His take on real estate investing in Kenya was very Grahamite in Nature. Ben Graham to many is considered as the father of value investing as a science. After many years of random speculation in the New York Stock Exchange, Ben Graham with his 1934 book Security Analysis brought a level of scientific thought into the field of investing. In a nutshell, Graham thinks that one should be guided by rationale and complete information before investing in Real Estate. This was the same view shared by Mr. Njuguna well as far as Zimele went. He was of the opinion that real estate in Kenya was plagued by asymmetric information and thus one was never sure as to what value one was getting. Since price is the most fundamental issue according to Ben Graham and Mr. Njuguna, then the information asymmetry really meant that one was never sure as to whether he was being ripped off or striking it gold. When you are investing other people's money as Mr. Njuguna is, you have a "fiduciary responsibility" to safeguard their interests. Investing in real estate was thus a gamble.

Better the goose that lays the golden egg

Mr. Njuguna further went with his analysis. Warren Buffett once mentioned when asked whether he would invest in gold as stocks had taken a battering, he answered by saying that "he would rather buy the goose that lays the golden egg". In reference to real estate, investing in real estate according to Mr. Njuguna does not "organically" provide growth. To add value to your property you must inject more money. In buying a business on the other hand, one buys into a system that organically generates value without the need for further investment. Thus the goose that is laying golden eggs. Warren Buffett quoted Coca-Cola when asked about buying gold, he mentioned that Coke have their own mechanisms through marketing and other operations to generate wealth for their shareholders without the need for extra capital from their shareholders.

Margin of Safety as the Central Concept of Investment

I then asked what had been on my mind throughout. I had decided to want to meet with Mr. Njuguna as I had read that he was a value investor. Due to my great admiration for the simplicity and yet superb success of true value investors such as Warren Buffett, Seth Klarman, Ben Graham and Irving Khan, I needed to know how value investing would work in Kenya. I then asked "how do you decide on whether an investment is good or bad?"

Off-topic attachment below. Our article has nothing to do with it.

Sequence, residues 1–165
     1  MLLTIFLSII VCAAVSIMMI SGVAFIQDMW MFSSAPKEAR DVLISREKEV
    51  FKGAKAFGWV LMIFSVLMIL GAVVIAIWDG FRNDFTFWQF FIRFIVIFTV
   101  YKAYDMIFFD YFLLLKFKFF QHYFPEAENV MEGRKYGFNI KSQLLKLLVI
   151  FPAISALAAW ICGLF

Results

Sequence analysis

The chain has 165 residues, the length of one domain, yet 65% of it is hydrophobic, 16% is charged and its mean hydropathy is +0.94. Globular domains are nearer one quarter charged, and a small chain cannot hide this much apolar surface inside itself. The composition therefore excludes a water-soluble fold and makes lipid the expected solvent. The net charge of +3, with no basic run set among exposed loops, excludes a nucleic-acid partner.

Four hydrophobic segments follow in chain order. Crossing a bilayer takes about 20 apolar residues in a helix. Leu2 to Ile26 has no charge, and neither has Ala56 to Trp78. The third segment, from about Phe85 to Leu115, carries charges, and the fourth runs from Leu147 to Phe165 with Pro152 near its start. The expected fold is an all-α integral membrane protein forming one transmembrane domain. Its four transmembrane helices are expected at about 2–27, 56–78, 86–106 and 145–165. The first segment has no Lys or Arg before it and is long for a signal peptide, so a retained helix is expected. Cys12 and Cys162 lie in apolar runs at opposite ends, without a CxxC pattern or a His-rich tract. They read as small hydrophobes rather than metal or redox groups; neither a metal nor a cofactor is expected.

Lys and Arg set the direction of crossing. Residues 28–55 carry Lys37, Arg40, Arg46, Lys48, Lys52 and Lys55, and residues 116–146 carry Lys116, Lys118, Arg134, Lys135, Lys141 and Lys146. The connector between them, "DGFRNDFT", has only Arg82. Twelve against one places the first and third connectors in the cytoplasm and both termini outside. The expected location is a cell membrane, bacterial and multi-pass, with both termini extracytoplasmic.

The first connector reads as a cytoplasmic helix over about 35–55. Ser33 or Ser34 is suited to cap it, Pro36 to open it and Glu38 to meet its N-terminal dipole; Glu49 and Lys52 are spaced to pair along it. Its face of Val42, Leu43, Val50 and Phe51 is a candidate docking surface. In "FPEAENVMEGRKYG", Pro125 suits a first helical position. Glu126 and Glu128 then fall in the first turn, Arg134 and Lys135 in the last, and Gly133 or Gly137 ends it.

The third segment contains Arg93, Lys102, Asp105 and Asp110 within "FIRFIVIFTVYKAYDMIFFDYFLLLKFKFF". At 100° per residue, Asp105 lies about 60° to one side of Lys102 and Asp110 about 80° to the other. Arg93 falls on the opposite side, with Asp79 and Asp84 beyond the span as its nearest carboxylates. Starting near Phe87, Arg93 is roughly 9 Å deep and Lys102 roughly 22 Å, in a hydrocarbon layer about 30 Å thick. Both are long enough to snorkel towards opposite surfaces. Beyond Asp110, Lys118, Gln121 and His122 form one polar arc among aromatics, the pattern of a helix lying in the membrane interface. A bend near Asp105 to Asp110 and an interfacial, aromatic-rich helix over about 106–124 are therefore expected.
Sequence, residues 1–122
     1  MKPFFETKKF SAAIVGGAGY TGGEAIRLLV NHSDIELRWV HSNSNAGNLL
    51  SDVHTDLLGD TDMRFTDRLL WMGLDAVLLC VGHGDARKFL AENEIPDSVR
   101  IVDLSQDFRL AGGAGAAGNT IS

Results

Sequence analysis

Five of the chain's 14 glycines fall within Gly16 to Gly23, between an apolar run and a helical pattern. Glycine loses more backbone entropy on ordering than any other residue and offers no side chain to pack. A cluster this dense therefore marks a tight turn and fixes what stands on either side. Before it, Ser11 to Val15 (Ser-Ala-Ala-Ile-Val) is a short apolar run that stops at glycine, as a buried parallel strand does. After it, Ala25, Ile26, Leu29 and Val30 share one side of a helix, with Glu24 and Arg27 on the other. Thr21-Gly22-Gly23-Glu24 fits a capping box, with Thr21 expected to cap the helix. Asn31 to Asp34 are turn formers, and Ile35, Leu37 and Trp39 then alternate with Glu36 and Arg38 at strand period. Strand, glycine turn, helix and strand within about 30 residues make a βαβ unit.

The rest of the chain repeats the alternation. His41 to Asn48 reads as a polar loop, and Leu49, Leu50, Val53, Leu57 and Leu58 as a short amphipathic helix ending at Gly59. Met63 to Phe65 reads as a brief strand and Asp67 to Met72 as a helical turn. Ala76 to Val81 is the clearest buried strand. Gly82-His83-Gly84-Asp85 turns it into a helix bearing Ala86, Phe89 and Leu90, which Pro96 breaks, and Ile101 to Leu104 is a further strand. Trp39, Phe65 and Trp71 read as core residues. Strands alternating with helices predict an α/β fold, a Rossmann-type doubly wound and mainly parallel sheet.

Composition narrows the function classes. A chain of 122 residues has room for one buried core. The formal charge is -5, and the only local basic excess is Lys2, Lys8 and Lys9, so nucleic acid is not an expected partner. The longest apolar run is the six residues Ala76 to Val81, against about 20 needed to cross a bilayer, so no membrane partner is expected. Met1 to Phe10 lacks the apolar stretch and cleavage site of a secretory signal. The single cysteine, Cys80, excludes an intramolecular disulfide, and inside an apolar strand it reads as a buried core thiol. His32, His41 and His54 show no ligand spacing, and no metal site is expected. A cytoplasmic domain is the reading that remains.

As was expected he immediately quoted Ben Graham author of Intelligent Investor. His notion was that one starts with the risk-free return that the market currently offers. This would be in the form of treasury bonds or bills in Kenya's case. After figuring out your holding period, you then look at the market for a good company that is well enough priced and whose earning ability is the same or better than the risk-free return currently on offer. Earnings power as described in "The Intelligent Investor" is calculated by taking the inverse of the P/E ratio and giving it as a percentage. Therefore a company/stock with a P/E of 11 has a return of 1/11 = 9%.

Now in Kenya, if an investor had a time period of 5 years, he would start with any bond that is maturing within 5 years. Currently there is a bond that is yielding 13.5% maturing in 2015 (FXD1/2007/8YR). This then is the risk free return, to get a stock that is worth investing rather than putting our money in the above bond, it would have to be selling at most at approximately 7.5 times earning i.e. a P/E of 7.5. There are very few noteworthy stocks that are selling so cheap. A lower P/E of maybe 6 would then offer a 3.16% margin of safety.


All in all, it was a very stimulating conversation. A man who understands his stuff and has the honesty to take things for what they are rather than what he wants them to be. In the world of finance especially in Kenya, we have witnessed a lot of self-serving individuals who lack integrity. From the little time I spent with Mr. Njuguna I am happy to say that he has heaps of honesty.